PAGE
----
The February 2007 issue Journal of Political Economy contains a story written by Felix Oberholzer-Gee (Harvard University) and Koleman Strumpf (University of Kansas) which claims to have found that illegal music downloads have had no noticeable effects on the sale of music. The title of the piece is The Effect of File Sharing on Record Sales: An Empirical Analysis.
The authors of the story analyzed data from the last four months of 2002 and estimated that P2P downloads had at most an impact of 0.7% on sales of CDs in that time frame, a figure they say is statistically insignificant.
Using detailed records of transfers of digital music files, we find that file sharing has had no statistically significant effect on purchases of the average album in our sample. Even our most negative point estimate implies that a one-standard-deviation increase in file sharing reduces an album’s weekly sales by a mere 368 copies, an effect that is too small to be statistically distinguishable from zero.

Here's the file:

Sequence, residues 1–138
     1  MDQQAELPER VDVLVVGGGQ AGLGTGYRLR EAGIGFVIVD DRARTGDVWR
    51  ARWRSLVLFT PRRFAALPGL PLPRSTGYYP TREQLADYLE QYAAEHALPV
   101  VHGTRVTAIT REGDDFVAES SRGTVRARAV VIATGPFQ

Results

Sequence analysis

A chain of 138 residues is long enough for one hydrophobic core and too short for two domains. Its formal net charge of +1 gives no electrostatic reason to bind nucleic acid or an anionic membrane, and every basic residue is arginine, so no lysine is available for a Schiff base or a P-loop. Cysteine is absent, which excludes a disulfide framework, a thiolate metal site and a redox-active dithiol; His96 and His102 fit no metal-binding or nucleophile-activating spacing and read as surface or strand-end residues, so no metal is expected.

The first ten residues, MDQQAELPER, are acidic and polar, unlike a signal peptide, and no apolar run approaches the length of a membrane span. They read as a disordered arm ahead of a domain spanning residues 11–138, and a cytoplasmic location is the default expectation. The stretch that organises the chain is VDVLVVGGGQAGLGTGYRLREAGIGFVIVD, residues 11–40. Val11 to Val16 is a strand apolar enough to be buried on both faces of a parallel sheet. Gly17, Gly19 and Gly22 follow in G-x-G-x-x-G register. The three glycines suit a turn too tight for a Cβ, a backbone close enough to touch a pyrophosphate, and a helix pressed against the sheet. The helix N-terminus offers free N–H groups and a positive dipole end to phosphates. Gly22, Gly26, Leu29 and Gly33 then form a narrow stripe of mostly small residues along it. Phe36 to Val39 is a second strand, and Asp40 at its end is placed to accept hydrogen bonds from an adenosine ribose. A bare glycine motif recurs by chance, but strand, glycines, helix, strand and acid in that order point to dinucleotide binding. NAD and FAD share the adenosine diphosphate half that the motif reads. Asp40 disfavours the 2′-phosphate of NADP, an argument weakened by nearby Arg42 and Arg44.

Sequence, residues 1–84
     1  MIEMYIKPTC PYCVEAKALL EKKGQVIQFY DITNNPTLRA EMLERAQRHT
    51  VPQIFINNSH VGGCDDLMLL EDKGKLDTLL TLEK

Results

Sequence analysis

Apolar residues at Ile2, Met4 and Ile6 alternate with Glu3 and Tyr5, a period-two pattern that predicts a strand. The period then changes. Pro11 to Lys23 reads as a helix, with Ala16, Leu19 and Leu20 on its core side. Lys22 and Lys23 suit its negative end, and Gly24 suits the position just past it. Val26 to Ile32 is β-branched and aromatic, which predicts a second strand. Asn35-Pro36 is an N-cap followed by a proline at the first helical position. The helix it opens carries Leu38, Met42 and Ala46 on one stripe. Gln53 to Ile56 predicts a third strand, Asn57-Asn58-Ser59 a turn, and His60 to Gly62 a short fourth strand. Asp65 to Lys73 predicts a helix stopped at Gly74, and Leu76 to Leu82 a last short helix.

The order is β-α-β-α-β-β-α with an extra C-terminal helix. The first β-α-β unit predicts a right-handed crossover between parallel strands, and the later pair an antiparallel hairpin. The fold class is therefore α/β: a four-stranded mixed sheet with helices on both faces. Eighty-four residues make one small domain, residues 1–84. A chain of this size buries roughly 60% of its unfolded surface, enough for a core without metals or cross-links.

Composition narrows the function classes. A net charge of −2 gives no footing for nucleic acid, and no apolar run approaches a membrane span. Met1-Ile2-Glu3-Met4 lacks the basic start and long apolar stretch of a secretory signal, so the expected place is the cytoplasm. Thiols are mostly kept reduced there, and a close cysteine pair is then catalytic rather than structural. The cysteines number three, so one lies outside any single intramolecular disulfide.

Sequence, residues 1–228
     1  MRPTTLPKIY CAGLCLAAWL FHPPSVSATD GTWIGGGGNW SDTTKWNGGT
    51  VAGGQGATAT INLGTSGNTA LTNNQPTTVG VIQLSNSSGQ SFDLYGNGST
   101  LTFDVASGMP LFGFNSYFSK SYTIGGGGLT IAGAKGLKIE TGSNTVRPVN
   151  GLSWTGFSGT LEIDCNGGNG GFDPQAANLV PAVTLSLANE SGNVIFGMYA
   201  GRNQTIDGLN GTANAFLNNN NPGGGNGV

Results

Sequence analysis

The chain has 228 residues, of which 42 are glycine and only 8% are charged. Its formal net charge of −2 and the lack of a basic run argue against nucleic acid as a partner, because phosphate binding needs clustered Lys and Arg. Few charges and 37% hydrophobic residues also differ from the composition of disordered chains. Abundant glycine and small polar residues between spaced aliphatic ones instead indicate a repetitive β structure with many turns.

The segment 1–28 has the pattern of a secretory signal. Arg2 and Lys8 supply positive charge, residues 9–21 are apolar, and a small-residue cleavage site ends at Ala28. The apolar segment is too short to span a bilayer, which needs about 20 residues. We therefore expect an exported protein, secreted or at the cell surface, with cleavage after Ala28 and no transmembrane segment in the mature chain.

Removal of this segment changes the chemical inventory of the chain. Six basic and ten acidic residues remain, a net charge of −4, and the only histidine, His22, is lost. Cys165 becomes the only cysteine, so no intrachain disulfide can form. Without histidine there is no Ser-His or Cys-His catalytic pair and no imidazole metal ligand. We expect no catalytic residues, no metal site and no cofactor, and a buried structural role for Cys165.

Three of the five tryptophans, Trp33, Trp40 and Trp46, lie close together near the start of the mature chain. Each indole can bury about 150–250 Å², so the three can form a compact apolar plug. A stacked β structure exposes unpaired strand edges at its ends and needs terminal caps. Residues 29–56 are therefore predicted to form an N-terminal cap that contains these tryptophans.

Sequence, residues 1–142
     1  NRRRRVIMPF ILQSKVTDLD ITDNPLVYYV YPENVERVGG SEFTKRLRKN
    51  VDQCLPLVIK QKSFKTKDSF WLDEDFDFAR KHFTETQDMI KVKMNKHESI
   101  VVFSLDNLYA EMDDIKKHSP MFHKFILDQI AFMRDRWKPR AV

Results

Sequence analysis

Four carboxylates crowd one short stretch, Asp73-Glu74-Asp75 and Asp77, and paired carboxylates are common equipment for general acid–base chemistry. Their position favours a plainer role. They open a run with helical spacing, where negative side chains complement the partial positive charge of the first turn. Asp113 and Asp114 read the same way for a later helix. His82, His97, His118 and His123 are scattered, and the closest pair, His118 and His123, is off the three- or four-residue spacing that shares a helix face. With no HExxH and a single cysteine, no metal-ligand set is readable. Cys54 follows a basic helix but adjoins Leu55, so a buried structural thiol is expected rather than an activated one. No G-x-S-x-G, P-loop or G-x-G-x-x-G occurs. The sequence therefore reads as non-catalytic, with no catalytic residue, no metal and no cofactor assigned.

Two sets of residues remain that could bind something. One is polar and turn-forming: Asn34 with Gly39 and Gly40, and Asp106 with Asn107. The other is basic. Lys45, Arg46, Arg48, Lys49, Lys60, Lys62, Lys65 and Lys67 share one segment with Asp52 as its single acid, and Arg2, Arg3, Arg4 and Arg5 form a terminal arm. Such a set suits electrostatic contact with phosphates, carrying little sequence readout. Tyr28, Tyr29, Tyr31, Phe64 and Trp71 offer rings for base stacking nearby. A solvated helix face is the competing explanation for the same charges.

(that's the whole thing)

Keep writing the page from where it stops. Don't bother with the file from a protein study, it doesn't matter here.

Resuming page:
There is a lot of math in that article and I’m not a statistician, but but I suspect they are correct. The study reports sales figures for the researched time period as being down by 80 million units and says that downloading can only account for, at most, 6.6 million, leaving 73.4 million to be attributed to some other cause.
The authors suggest that the industry has skewed the numbers by focusing on units shipped rather than the more accurate number of units sold. They claim that with retail shelf space at a premium, retailers are ordering fewer of each title thereby reducing the load of unsold stock sitting on the shelves. They also cite the rise in sales of DVDs (grew by twice the decline in CD sales during the same period) and video games, pointing out that consumers may be spending their discretionary income on these titles rather than CDs.
Another theory I would purpose that may have impacted the number of CDs sold is the fact that much of the mainstream music that is marketed today is just bad music. I won’t use that argument in regards to bluegrass though, so we’ll have to go with their theories about where and why consumers are spending their cash.